Sessions made his remarks on “Washington Watch,” the program hosted by Family Research Council President Tony Perkins. Discussing the upcoming climate change summit in Paris, Sessions insisted that there’s been “almost no warming” in the last 25 years and contested claims that climate change will increase the intensity and frequency of extreme weather events.
“Neither have we had more hurricanes,” he said. “We remember Katrina, I know you do and I do too being from Mobile, but we haven’t had a major hurricane hit the United States in a decade. Unbelievable. Thank the Lord. The predictions were we’d have more hurricanes and more devastating.”
Maybe Sessions doesn’t consider Sandy a “major hurricane”: After all, he voted against disaster relief aid to the people in affected areas, even though he has a record of requesting aid for his home state of Alabama.
The senator went on to say that climate change science has “a world government background to it” and will lead to “more and more world government.”
Glenn Beck dedicated a portion of his television program last night to the remainder of his one-on-one interviewwith Sen. Ted Cruz, in which the GOP presidential hopeful declared that those who believe in climate change do not bother to cite facts in support of their position because, for them, it is a religion.
Pointing to a recent congressional hearing in which he grilled the president of the Sierra Club about the supposed lack of data and evidence for the existence of global warming, Cruz told Beck that "climate change is not science, it's religion."
"Look at the language where they call you a 'denier,'" he said. "Denier is not the language of science. Look, I'm the child of two scientists ... The essence of the scientific method is to start with a hypothesis, then look to the evidence to disprove the hypothesis; you're not trying to prove it, you're trying to disprove it. Any good scientist is a skeptic; if he's not, he or she should not be a scientist. But yet the language of the global warming alarmists, 'denier' is the language of religion, it's heretic, you are a blasphemer. The response from the Sierra Club, 'We have decreed this is the answer, you must accept it.' And so he didn't know his facts because he just knew his religion."
In an interview yesterday on the Family Research Council’s “Washington Watch” program, Sen. Jim Inhofe, R-Okla., railed against Pope Francis and other Christian leaders who have addressed the human influence on climate change.
Inhofe told FRC President Tony Perkins that the pope’s recent encyclical on climate science will encourage other Christian leaders to come “out of the closet” to “tell the truth” about climate change. Of course, “the truth,” according to Inhofe, is that climate change is a myth: “The science is still out on what effect CO2 might have in terms of what they call global warming and the science is more on our side than on their side.”
The Republican senator maintained that the Bible prophesied the pope’s climate change encyclical.
“We were warned this was going to happen,” Inhofe said. “Romans 1:25 said there would be a time when people would start worshiping the creation instead of the Creator, and that exactly is what’s been going on, the trend that has been going on today. The interesting thing is that all of those people on the other side are the extreme liberals that are against everything that you and I stand for. This is a highly political environment we’re in right now that should not have been brought into the Catholic Church or any other church.”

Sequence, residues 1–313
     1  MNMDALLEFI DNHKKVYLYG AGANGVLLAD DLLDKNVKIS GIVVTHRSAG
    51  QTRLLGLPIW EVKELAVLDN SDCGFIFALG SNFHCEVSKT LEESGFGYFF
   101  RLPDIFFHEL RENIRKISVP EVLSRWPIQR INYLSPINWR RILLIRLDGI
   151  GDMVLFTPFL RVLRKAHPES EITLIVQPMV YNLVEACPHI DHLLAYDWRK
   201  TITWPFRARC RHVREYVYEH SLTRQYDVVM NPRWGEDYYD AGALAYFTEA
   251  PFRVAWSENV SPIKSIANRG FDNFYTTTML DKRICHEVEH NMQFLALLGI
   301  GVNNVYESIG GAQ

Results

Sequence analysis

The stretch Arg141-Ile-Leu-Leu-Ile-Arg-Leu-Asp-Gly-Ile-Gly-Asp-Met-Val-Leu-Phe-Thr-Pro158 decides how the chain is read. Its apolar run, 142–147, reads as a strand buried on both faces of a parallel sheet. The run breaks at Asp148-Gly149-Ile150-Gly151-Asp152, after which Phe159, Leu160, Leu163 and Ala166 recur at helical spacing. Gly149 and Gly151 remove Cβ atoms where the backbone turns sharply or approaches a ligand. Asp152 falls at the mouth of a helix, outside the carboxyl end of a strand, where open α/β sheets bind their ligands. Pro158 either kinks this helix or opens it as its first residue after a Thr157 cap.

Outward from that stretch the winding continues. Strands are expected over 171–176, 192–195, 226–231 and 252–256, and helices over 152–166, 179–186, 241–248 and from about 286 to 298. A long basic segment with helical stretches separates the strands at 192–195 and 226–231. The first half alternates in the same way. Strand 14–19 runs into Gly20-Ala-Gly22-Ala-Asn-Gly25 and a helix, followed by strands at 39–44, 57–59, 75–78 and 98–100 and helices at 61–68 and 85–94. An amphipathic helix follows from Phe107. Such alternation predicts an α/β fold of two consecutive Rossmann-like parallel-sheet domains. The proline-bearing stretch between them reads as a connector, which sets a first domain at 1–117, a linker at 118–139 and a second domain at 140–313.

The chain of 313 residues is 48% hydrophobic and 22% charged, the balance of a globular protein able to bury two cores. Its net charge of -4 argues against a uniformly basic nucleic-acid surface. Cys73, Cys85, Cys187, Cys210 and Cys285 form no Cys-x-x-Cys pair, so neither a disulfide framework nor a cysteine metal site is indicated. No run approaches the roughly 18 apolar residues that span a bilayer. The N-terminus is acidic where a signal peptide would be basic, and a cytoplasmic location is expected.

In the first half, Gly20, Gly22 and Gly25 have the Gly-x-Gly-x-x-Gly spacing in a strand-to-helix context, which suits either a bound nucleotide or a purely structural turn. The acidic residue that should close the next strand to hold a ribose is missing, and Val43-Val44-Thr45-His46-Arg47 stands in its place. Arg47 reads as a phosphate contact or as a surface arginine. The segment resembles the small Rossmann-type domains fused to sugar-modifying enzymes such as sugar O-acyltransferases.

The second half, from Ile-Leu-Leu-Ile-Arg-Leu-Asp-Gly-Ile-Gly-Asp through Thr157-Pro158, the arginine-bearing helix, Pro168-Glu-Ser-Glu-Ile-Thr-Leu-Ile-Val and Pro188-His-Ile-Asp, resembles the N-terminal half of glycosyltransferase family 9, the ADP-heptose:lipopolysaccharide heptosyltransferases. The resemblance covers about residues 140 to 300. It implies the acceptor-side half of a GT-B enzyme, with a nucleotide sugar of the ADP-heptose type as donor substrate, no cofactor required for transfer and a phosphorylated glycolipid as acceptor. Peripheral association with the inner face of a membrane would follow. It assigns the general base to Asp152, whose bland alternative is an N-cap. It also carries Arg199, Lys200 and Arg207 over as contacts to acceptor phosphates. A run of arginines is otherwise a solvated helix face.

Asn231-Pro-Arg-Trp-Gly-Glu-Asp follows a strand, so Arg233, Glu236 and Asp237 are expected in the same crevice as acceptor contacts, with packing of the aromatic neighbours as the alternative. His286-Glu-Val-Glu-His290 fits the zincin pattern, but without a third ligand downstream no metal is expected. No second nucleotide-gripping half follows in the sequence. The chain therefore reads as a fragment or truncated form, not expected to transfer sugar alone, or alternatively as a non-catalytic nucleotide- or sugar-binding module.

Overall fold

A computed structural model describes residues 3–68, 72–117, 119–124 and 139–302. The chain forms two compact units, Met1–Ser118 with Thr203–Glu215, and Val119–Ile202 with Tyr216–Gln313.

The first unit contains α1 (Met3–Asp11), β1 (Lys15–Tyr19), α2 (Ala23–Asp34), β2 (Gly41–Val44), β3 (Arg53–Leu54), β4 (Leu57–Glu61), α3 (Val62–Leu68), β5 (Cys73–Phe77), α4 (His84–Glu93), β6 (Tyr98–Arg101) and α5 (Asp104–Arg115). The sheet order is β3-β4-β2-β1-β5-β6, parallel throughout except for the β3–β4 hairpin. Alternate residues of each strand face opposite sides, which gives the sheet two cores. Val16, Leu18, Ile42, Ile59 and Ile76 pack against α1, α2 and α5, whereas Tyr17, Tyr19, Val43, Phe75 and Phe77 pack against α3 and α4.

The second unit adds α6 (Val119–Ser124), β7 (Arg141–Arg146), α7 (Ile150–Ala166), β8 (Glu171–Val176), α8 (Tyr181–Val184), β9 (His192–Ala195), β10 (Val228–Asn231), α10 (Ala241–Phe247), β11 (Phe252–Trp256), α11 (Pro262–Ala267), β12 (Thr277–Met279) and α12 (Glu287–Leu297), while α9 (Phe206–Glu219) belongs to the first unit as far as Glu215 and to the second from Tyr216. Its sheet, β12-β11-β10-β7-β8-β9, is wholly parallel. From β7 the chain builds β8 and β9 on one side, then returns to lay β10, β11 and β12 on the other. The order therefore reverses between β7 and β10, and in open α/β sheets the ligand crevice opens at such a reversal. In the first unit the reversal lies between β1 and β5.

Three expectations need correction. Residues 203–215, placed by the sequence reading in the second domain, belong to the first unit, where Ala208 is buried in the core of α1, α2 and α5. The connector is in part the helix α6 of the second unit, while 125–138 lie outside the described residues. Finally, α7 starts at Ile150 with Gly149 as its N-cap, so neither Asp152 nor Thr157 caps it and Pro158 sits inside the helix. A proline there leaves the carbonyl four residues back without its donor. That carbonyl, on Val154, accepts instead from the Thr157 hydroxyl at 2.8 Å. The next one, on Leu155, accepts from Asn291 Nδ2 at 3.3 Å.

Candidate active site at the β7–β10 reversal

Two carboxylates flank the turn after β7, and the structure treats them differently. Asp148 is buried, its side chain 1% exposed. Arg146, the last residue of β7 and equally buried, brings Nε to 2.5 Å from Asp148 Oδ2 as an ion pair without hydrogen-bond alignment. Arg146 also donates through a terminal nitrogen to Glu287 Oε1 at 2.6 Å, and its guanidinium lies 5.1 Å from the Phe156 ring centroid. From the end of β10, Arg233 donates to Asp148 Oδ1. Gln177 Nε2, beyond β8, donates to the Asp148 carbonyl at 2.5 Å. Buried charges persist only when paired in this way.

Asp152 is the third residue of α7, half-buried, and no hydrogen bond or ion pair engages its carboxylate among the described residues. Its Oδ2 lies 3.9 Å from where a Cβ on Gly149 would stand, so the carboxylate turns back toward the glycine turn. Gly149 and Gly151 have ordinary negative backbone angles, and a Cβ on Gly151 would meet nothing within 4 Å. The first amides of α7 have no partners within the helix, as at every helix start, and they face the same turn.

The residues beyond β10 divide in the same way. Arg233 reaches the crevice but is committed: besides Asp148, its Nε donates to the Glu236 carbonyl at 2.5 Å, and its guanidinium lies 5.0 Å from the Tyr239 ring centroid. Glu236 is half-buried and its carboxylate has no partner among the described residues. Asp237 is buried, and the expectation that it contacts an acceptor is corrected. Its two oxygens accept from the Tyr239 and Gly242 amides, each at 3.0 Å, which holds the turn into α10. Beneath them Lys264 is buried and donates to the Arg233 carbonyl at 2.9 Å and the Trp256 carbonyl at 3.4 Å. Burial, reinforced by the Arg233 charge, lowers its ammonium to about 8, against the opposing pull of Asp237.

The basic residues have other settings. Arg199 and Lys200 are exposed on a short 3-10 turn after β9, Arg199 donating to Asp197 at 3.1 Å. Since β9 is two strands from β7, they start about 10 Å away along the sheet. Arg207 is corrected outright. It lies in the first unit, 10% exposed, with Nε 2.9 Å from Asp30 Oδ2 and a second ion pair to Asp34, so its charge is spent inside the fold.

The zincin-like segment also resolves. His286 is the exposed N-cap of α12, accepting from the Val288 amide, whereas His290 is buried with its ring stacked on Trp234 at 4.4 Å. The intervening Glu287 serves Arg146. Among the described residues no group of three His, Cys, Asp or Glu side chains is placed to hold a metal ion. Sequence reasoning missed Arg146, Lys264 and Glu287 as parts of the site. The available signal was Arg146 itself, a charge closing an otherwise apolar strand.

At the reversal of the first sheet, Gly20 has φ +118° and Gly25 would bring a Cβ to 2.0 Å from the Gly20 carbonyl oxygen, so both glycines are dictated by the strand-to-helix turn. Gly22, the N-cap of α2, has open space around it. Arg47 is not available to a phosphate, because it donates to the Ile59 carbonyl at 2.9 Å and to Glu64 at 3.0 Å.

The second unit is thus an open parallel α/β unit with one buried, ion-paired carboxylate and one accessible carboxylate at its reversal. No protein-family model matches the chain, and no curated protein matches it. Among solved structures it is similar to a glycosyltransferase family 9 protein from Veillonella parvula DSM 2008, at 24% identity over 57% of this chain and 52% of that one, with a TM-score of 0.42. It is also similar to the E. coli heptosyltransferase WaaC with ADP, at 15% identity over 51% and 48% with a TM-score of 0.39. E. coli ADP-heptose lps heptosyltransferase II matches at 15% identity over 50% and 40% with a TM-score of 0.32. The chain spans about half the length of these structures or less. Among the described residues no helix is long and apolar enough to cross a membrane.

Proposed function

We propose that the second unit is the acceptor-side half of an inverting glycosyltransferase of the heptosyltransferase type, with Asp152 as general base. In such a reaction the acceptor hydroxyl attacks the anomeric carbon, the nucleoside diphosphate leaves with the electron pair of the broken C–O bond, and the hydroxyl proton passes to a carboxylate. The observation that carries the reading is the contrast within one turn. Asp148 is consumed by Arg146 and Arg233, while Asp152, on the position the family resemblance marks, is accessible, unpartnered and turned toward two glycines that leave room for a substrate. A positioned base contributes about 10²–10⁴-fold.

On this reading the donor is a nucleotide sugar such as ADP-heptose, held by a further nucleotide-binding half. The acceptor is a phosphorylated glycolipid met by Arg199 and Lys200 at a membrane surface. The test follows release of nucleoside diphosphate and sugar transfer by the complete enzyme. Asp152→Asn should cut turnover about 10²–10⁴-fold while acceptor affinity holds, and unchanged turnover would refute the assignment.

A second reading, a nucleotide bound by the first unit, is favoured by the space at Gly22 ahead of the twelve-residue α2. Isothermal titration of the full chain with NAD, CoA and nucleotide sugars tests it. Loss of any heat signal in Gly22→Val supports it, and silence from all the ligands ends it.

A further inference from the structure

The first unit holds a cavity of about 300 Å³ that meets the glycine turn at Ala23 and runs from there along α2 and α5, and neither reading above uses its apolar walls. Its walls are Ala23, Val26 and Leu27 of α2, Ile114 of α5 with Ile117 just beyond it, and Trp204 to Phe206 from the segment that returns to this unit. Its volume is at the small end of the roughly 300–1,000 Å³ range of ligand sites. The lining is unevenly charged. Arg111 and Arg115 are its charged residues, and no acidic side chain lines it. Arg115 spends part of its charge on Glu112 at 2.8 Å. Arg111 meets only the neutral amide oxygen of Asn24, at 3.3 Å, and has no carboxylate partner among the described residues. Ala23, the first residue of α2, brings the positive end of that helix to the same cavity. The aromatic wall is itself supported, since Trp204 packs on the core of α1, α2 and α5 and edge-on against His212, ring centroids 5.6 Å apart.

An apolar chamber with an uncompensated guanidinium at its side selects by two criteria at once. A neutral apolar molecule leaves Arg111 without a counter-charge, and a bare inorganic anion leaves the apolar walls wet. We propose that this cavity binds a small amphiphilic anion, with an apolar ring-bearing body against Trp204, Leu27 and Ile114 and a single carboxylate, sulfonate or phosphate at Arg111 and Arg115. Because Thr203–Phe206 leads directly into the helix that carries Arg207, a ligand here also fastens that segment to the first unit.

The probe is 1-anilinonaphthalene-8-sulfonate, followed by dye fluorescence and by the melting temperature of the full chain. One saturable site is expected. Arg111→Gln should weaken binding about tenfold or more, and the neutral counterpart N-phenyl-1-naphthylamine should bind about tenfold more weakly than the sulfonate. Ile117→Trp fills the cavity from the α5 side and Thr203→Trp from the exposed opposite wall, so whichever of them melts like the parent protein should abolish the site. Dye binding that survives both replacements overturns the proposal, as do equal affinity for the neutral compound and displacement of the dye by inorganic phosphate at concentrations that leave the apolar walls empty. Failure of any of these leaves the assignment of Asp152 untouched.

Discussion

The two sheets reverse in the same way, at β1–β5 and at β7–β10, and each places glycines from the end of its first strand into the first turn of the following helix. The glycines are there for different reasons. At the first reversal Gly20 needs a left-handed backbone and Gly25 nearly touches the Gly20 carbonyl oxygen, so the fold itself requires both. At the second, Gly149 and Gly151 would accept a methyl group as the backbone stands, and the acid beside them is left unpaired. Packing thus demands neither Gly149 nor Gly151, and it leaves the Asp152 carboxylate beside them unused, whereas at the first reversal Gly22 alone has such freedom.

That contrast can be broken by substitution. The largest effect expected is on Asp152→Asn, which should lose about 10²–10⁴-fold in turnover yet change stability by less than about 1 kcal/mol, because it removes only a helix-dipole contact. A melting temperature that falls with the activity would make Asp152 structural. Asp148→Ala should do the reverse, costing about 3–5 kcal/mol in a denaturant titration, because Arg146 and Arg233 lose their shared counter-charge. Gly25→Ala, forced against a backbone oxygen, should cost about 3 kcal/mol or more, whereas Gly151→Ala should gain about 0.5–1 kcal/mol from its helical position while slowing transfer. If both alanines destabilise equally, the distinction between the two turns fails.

An exasperated Pat Robertson challenged President Obama and 99 percent of climate scientists over their belief in climate change today since, after all, the televangelist explained, it is snowing in Boston.
Robertson claimed that the Boston snowstorm helps prove that climate change is a myth created by scientists who have been manipulating data, even though climate change has actually been linked to growing storm intensity.
“The president goes in an interview with Vox, whatever that is, and said our real challenge is not ISIS, it’s not terrorists, it is global warming,” Robertson said. “Go to Boston, Mr. President.”
Sen. Jim Inhofe, the Oklahoma Republican who believes that human influence on climate change must be a myth because the Bible says so, said in an interview with Family Research Council President Tony Perkins last night on “Washington Watch” that climate change denialists like himself have won the debate. Not because climate scientists — over 97 percent of whom believe that human activities influence the climate — have found new data rebutting the science, but because polls show climate change dropping off the list of voters’ priorities.
“Clearly we’ve won. Gallup polls show that it’s now issue number 14 out of 15, it’s no longer issue, we’ve really won on that issue,” Inhofe boasted after voting against an unsuccessful amendment stating the fact that human activities affect climate change.
“The greatest hoax clearly is the idea that man is causing climate change,” he said. “That’s a very arrogant thing to think that man has the ability to do that.”
Rep. Mark Meadows, R-N.C., and former general Robert Dees appeared on a foreign policy panel at the Values Voter Summit this morning, where they and their fellow panelists spent a good amount of time discussing the 2012 Benghazi attack and President Obama’s supposed un-American attitude.
Dees said that Common Core is also a threat to America’s security, saying that the school standards initiative, just like the White House account of Benghazi, is a left-wing effort to promote “historical revisionism” that undermines the country’s “spiritual infrastructure.”
“The historical revisionism that we see in Benghazi is symptomatic of historical revisionism we see across our country, across the world of politics and even in the Common Core curriculum of the Obama administration,” he said, claiming White House officials “change the truth to fit our liberal agenda objectives.”